Tech layoffs this year offer hiring boon for startups that survive

TAIPEI – Thousands of layoffs across the tech sector could end up being a boon for startups that struggled to hire talent in the heady days of soaring valuations.

The big catch: They have to ensure their own survival only after venture capital investors pull back sharply in 2022.

The history of Silicon Valley is filled with stories of companies that were founded or gained traction in the ruins of the recession.

Amazon.com and Google, now known as Alphabet, are among the big winners from past economic downturns. Google rose from the ashes of the dot.com bust in 2000 after it picked up a slew of fired engineers elsewhere, University of Washington history professor Margaret O’Mara told Bloomberg’s Odd Lots podcast.

They are now the world’s fourth and fifth most valuable companies.

The caveat is that start-ups must already have money from previous funding rounds because the biggest source of funding, venture capitalists, are more cautious than ever.

Total funding fell 34 per cent in the third quarter from the previous period and 55 per cent from a year earlier to US$74.5 billion (S$100 billion), according to market intelligence provider CB Insights. This is the lowest level in nine quarters.

Funding from mega-rounds, where money invested in a start-up is at least $100 million, fell to just a third of the level a year earlier, the company found. A 42 percent drop in the value of new VC deals globally through the end of November puts that figure on track for the deepest dive in two decades.

Instead of driving valuations ever higher—creating unicorns with a market cap of more than $1 billion—investors are keeping their powder dry and focusing on the stakes they already have in young companies.

This has resulted in a reduction in the average deal size for investments in late start-up companies.

“VCs are prioritizing funds for existing portfolios that are fundamentally strong but may struggle to fund raises in a very tough environment to help extend their trajectory until the fundraising market improves,” said Ms Tina Cheng , managing partner at Cherubic Ventures in Taipei.

Even young companies with cash on hand remain cautious because they have no insight into when they might be able to raise money next, she added.

Many people who lost their jobs are also in no rush to find new work, thanks to generous severance packages and years of heavy workloads that left many burned out.

Elon Musk’s purchase of Twitter led to the loss of more than 3,700 jobs, making it the most famous of the technology layoffs. Many were offered three months’ salary as part of their severance package.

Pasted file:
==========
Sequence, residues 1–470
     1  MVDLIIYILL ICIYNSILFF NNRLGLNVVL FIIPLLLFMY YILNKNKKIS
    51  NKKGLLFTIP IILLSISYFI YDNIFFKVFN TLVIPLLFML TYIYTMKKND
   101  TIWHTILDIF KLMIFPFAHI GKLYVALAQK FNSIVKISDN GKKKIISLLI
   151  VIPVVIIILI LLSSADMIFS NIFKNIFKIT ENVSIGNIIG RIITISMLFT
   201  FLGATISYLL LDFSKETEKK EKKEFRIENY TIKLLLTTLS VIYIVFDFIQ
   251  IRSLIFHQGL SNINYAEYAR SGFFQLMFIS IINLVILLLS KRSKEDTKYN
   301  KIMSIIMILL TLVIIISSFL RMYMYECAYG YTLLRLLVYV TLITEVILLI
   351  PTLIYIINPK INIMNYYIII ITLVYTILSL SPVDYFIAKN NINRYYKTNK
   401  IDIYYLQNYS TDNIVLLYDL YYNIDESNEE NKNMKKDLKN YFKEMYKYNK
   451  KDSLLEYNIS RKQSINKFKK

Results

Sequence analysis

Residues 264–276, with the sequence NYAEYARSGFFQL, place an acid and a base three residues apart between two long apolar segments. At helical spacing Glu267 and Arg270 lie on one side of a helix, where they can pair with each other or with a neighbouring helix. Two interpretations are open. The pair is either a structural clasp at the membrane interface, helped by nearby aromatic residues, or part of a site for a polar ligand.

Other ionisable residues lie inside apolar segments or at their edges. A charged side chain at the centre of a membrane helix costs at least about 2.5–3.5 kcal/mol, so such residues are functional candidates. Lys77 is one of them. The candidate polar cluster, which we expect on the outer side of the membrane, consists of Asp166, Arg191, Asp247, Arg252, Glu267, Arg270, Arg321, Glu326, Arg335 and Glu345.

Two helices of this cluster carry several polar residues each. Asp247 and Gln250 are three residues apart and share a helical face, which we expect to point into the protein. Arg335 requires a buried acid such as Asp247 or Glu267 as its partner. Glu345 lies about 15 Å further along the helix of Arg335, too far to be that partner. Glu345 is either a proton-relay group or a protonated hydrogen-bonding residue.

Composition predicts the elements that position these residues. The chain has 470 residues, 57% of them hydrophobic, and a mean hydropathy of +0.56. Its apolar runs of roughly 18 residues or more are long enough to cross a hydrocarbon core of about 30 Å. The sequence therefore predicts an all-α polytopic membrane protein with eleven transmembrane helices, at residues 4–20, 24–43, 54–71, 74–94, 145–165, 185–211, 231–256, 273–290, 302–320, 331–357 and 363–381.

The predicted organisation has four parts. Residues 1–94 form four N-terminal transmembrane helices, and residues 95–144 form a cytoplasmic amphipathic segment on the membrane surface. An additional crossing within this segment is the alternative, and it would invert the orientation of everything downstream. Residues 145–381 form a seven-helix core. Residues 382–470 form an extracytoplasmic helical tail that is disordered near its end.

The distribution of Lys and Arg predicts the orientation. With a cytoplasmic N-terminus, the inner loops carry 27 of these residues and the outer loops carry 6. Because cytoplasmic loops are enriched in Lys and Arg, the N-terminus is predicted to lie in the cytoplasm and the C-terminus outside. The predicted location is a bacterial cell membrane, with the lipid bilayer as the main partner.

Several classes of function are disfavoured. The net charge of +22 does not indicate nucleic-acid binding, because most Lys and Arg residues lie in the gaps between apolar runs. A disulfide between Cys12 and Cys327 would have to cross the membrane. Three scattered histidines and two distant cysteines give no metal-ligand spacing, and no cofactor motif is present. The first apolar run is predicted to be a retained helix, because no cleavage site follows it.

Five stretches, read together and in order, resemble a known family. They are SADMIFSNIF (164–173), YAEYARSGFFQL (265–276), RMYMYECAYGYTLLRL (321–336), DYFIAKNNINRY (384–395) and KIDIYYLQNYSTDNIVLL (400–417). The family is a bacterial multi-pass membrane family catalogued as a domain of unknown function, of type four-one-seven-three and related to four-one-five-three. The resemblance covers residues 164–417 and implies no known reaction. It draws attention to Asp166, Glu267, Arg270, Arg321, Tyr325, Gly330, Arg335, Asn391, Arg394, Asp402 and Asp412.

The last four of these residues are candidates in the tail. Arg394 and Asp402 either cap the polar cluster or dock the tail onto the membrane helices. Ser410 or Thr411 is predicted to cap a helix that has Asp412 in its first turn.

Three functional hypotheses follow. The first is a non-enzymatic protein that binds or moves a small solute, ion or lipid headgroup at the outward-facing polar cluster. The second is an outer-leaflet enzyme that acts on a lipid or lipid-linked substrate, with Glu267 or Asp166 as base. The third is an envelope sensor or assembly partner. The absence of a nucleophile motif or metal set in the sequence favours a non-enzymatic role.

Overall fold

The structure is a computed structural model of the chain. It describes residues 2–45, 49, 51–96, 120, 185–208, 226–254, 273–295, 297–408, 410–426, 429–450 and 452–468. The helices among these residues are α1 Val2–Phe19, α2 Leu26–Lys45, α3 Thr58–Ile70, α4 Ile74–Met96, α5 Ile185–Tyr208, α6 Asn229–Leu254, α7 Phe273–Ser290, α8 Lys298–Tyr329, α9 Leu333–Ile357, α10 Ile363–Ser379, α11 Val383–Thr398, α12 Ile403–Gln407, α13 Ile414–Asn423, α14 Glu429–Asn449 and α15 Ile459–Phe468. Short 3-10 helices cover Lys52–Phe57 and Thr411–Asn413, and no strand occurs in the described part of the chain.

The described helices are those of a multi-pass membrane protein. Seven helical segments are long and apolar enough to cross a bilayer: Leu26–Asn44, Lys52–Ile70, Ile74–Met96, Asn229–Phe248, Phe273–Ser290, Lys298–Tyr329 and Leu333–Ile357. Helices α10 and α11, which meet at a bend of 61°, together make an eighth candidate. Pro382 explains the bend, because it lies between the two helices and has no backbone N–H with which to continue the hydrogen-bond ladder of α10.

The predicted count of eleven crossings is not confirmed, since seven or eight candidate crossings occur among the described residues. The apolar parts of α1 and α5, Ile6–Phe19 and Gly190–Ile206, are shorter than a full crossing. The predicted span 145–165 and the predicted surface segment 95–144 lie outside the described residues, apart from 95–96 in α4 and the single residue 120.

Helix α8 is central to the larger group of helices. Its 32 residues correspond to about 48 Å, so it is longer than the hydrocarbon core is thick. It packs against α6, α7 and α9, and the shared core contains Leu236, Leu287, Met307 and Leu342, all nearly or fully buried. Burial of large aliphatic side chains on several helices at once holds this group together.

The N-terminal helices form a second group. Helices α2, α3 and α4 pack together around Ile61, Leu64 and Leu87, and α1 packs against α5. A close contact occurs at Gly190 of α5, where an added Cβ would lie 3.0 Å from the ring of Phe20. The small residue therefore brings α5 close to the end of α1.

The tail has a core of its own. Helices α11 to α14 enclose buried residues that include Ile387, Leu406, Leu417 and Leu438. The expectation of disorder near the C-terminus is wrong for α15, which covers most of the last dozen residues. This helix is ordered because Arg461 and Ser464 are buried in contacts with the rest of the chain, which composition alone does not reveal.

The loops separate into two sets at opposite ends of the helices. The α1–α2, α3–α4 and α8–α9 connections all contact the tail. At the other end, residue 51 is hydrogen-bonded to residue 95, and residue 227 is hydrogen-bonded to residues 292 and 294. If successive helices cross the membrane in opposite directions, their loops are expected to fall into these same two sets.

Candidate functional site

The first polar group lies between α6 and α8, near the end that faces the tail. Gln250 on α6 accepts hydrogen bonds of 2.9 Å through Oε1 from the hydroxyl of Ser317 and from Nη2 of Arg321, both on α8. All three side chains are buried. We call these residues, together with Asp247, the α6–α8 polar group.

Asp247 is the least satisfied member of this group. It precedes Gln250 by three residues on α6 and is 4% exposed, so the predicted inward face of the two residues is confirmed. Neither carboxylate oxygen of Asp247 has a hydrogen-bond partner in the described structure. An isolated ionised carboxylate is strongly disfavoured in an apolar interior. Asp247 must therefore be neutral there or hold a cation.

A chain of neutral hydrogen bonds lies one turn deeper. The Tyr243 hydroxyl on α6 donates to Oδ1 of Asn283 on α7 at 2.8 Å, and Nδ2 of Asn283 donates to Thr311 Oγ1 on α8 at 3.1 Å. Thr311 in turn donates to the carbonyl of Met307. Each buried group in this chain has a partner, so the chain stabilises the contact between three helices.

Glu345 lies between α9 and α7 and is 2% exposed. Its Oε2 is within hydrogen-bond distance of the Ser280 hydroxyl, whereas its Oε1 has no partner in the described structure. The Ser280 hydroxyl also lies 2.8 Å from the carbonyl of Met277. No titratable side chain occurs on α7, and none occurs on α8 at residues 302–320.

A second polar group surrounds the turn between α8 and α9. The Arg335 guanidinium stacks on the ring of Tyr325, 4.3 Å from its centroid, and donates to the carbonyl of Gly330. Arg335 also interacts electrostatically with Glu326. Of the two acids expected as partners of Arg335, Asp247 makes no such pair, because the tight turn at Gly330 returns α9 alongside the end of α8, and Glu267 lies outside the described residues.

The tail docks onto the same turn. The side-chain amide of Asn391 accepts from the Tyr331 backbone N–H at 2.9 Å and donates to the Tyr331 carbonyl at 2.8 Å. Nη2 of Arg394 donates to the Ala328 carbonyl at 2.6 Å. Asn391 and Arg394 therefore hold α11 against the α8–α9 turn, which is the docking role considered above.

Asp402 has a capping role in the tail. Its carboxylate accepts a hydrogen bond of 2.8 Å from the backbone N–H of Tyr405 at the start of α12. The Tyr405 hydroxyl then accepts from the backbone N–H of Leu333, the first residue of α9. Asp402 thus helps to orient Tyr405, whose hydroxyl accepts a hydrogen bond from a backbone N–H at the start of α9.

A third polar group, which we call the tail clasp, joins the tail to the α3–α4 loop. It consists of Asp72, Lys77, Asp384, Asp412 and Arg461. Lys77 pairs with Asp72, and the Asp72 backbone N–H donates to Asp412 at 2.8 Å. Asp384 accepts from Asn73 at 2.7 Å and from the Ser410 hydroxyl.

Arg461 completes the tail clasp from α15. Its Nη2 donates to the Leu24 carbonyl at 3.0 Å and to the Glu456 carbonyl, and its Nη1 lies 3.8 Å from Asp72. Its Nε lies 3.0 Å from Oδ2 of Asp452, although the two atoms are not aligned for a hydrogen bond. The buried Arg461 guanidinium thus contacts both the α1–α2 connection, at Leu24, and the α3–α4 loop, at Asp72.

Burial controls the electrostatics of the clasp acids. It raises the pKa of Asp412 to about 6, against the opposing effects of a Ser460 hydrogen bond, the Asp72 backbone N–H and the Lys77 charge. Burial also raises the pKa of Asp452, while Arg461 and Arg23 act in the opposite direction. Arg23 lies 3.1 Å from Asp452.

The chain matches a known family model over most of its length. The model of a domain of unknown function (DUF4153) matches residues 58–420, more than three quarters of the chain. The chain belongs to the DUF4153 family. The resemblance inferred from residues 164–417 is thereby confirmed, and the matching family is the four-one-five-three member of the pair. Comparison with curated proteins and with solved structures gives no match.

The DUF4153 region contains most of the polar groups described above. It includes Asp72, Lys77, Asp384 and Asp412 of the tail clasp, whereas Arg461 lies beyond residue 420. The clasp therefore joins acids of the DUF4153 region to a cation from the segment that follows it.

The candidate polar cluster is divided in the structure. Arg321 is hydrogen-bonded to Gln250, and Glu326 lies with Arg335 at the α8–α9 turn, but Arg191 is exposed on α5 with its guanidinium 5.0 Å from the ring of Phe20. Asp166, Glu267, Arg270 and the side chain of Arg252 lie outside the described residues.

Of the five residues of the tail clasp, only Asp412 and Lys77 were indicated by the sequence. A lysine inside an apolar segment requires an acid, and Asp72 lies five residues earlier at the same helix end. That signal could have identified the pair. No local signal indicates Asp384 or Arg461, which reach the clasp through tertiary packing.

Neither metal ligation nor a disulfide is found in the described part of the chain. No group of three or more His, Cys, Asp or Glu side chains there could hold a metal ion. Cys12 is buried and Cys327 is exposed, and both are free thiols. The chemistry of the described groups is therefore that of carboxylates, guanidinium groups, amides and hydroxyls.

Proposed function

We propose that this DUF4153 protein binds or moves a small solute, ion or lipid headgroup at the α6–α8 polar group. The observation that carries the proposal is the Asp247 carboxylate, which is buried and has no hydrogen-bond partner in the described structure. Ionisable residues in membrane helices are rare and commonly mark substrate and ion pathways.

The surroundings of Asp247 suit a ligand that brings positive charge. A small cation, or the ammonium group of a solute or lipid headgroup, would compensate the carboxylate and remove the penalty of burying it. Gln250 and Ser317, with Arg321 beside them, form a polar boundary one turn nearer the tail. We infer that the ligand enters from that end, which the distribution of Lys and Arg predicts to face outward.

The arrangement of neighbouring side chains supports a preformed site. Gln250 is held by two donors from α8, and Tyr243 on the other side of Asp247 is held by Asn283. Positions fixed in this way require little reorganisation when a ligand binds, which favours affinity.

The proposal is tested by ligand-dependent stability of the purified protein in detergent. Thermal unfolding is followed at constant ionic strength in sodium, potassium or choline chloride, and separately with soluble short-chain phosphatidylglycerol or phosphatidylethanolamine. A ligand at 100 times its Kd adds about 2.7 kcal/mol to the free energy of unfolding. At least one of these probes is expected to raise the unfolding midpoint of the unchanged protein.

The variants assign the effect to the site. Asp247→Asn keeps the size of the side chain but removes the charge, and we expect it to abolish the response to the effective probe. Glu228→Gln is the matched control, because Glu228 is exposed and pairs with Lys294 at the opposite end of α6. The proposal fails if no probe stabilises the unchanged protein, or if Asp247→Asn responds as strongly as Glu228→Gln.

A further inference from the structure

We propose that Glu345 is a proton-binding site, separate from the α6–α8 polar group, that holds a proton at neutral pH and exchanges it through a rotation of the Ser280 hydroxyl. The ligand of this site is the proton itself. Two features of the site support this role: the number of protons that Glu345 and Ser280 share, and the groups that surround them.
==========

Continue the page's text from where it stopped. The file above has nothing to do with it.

Cuts on Twitter are neither the first nor the largest. Meta Platforms, formerly called Facebook, cut 11,000 people, while Amazon let go about 10,000.

More than 142,000 jobs have been lost at 889 tech companies in 2022 alone, according to Layoffs.fyi, an open-source list of layoffs around the world created by San Francisco-based start-up founder Roger Lee.

Big job losses in technology are being offset by gains in other sectors, including leisure, hospitality, health care and construction, November data from the Bureau of Labor Statistics show.

With the eternal spring of money drying up, venture capitalists are advising their investees to learn to stand on their own.

“In a bear market, everyone has to get their money from the customers anyway. So go out, get your money from the customers and don’t look to the venture community,” said venture capitalist Tim Draper. He also recommends that those who may be facing a cash crunch be more careful about the number of employees.

“I recommend that companies like this cut their teams quickly and efficiently and move on,” he said. “The flip side is that you see these extraordinary companies come out of times like this. As a venture capitalist, I don’t want to miss that.”

The kind of Fomo—fear of missing out—that drives much of the Silicon Valley hype cycle is never far away. Although times are tough now, thousands of bright and recently laid-off minds will soon be tapping into the next big thing. And those with plenty of cash will be sure not to miss the ride. BLOOMBERG

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